United States v. William Hapgood, II

Filing 920100503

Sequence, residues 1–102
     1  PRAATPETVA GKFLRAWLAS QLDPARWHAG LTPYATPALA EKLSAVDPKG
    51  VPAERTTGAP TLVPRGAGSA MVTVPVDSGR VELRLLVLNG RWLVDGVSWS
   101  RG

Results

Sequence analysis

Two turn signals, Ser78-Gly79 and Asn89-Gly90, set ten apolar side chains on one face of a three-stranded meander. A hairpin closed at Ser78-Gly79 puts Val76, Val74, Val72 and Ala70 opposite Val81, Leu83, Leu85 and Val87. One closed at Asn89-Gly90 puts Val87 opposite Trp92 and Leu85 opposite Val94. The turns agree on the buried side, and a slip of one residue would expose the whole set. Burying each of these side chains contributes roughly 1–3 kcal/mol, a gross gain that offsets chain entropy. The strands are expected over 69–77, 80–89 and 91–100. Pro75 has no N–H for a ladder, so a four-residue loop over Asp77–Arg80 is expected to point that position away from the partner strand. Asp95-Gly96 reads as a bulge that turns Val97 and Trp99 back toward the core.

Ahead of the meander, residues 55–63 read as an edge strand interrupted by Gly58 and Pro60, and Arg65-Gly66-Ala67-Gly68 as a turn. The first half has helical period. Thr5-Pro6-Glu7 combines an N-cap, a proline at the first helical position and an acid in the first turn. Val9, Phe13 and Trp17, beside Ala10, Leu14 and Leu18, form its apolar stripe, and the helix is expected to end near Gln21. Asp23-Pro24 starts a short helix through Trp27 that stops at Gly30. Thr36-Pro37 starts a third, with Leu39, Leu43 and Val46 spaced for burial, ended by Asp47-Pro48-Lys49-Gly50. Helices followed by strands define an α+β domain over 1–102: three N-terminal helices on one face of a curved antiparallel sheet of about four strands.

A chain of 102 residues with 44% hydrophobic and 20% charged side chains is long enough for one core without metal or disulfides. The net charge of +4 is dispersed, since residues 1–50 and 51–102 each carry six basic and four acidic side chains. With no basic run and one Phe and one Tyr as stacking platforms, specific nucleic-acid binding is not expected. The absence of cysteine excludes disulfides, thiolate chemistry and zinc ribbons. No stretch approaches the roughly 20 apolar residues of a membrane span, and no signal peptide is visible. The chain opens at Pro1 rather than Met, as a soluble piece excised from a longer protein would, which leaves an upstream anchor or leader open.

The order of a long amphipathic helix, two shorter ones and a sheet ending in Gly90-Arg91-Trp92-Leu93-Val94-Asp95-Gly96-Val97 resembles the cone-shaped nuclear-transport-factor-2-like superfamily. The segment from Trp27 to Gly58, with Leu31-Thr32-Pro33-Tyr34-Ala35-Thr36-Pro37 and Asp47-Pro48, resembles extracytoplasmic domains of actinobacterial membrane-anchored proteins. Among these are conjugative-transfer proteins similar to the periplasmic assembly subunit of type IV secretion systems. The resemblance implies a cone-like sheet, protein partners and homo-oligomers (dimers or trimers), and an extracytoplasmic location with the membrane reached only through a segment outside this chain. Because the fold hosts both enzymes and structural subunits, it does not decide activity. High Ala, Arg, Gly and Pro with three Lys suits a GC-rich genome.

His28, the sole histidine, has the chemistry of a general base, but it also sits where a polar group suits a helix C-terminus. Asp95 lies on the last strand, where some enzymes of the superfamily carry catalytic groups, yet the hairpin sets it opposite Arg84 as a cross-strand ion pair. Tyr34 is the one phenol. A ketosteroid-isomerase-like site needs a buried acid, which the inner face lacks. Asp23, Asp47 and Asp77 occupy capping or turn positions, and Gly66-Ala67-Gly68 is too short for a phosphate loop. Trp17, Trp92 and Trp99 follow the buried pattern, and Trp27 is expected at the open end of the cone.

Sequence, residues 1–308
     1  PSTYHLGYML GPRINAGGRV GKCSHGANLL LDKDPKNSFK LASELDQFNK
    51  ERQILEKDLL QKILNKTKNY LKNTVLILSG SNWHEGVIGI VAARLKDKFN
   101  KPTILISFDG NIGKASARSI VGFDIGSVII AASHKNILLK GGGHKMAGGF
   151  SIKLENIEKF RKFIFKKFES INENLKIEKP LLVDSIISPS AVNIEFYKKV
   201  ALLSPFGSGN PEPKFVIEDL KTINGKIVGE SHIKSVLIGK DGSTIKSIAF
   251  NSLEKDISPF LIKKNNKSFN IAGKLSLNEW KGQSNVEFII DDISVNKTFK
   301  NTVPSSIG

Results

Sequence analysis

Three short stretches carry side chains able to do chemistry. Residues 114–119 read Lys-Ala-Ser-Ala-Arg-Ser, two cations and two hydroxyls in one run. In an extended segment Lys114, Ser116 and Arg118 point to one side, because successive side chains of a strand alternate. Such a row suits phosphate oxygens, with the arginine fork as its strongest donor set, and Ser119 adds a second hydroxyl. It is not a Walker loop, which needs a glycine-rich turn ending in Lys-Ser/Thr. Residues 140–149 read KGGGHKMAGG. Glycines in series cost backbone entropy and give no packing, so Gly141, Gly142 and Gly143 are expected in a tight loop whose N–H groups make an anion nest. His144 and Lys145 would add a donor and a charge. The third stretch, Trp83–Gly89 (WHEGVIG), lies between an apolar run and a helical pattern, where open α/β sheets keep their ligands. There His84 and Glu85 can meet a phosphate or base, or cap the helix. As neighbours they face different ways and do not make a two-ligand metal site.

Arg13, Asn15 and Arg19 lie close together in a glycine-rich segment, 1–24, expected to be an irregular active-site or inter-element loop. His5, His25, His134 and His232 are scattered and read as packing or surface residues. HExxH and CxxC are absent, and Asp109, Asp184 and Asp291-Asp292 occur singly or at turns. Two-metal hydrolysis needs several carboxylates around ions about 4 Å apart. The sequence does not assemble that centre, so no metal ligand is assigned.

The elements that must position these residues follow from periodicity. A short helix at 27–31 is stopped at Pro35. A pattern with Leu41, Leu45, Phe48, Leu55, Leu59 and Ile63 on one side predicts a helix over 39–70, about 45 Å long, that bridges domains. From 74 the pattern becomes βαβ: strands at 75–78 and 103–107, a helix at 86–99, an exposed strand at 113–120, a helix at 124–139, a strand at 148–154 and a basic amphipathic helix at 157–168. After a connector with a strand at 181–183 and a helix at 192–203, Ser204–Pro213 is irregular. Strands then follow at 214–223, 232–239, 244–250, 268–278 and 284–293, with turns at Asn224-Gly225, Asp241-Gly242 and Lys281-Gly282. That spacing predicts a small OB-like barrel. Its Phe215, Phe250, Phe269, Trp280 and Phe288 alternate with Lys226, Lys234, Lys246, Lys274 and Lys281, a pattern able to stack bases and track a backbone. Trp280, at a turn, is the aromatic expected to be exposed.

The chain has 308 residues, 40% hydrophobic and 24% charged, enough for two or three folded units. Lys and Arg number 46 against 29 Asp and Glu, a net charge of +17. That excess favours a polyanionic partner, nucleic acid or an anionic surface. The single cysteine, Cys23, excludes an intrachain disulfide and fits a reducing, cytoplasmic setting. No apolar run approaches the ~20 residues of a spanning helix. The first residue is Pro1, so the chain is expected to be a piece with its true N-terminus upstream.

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United States Court of Appeals FOR THE EIGHTH CIRCUIT ___________ No. 09-3006 ___________ United States of America, Appellee, v. William Henry Hapgood, II, Appellant. * * * * Appeal from the United States * District Court for the * Eastern District of Missouri. * * [UNPUBLISHED] * ___________ Submitted: April 29, 2010 Filed: May 3, 2010 ___________ Before MELLOY, BOWMAN, and SMITH, Circuit Judges. ___________ PER CURIAM. William Hapgood pleaded guilty to manufacturing a substance containing methamphetamine in violation of 21 U.S.C. 841(a)(1), (b)(1)(C), and being a felon in possession of firearms in violation 18 U.S.C. 922(g)(1). The district court1 concluded that he was an armed career criminal and sentenced him to 180 months in prison, the mandatory minimum. See 18 U.S.C. 924(e)(1) ( 922(g)(1) offender shall receive minimum sentence of 15 years in prison if he has 3 prior convictions for violent felony or serious drug offense). On appeal, Hapgood's counsel has filed a The Honorable Stephen N. Limbaugh, Jr., United States District Judge for the Eastern District of Missouri. 1 brief under Anders v. California, 386 U.S. 738 (1967), and has moved to withdraw. Hapgood has filed a pro se supplemental brief. Following careful review, we affirm. In the Anders brief, counsel argues that Hapgood's Missouri convictions for second-degree burglary and residential burglary do not qualify as "violent felonies" for purposes of armed-career-criminal status. We hold that they do. See 18 U.S.C. 924(e)(2)(B) (violent felony includes burglary); Taylor v. United States, 495 U.S. 575, 599 (1990) (person has been convicted of burglary for purposes of 924(e) if he is convicted of any crime having basic elements of unlawful or unprivileged entry into, or remaining in, building or structure with intent to commit crime); United States v. Bell, 445 F.3d 1086, 1090-91 (8th Cir. 2006) (Missouri second-degree burglary conviction was generic burglary and qualified as crime of violence). Counsel also argues the sentence is unreasonable, but Booker v. United States, 543 U.S. 220 (2005), does not apply to statutorily imposed sentences. See United States v. Gregg, 451 F.3d 930, 937 (8th Cir. 2006). Turning to Hapgood's pro se arguments, we conclude that (1) he may not challenge the voluntariness of his guilty plea for the first time in this direct criminal appeal, see United States v. Villareal-Amarillas, 454 F.3d 925, 932 (8th Cir. 2006); (2) the district court was not required to consult the arrest records underlying the predicate violent felonies, see United States v. Stymiest, 581 F.3d 759, 768 (8th Cir. 2009); and (3) the ineffective-assistance claim is also not properly before us in this direct appeal, see United States v. Ramirez-Hernandez, 449 F.3d 824, 827 (8th Cir. 2006). Finally, after reviewing the record independently under Penson v. Ohio, 488 U.S. 75 (1988), we have found no nonfrivolous issues for appeal. Accordingly, we affirm the judgment of the district court, and we grant counsel leave to withdraw. ______________________________ -2-

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